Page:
REL 334 (AR) Liberation Theology and Social Change

A survey of Third World (particularly Latin American) liberation theology and its potential and actual impact on movements for human freedom in the North American context (e.g., those working on Black, Hispanic and Native American issues, feminism, gay liberation and economic justice). Analyzing Arguments, Reasons, and Values. Alternate years, Spring. Wallace

Liberation Theology is a doctrine that integrates Marxist ideology with the Christian faith. "Economic justice" is an ideological term for Marxist views that serve to morally condemn the free market system. "Gay liberation" is a political agenda, not an academic concept. Feminism is a political ideology. This is not an academic course examining liberation theology from a disinterested and scholarly perspective. It is a program of advocacy and indoctrination.

Another course offered to fulfill the "Analyzing Arguments, Reasons and Values" requirement for the undergraduate degree is offered by the American Ethnic Studies Department:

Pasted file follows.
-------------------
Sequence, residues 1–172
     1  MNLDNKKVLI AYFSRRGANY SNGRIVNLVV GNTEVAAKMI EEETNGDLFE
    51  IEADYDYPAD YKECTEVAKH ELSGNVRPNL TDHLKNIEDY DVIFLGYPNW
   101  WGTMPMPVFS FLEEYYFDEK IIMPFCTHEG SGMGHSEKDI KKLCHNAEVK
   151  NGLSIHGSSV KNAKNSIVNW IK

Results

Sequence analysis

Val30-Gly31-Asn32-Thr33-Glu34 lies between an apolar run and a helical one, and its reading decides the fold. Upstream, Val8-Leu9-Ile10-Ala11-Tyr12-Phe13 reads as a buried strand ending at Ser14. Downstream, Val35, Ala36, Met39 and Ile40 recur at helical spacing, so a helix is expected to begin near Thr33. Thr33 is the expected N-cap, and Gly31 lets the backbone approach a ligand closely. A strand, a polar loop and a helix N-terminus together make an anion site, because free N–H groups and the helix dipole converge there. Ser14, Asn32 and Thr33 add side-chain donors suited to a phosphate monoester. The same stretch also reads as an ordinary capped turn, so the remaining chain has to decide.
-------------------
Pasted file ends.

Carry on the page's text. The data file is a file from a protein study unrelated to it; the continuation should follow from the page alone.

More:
AES 351 (AR) Indigenous Peoples, Human Rights and the Environment
[Cross-listed with ANTH 351]

This course focuses upon environmental and human rights issues affecting indigenous peoples worldwide. Using the cross-cultural, comparative and field-based perspectives that distinguish anthropology, this course examines some of the most pressing problems facing the world's indigenous peoples, explores strategies used by these groups in facing human rights and environmental violations, and offers students the opportunity to study about and take action on these issues….(Emphasis added.)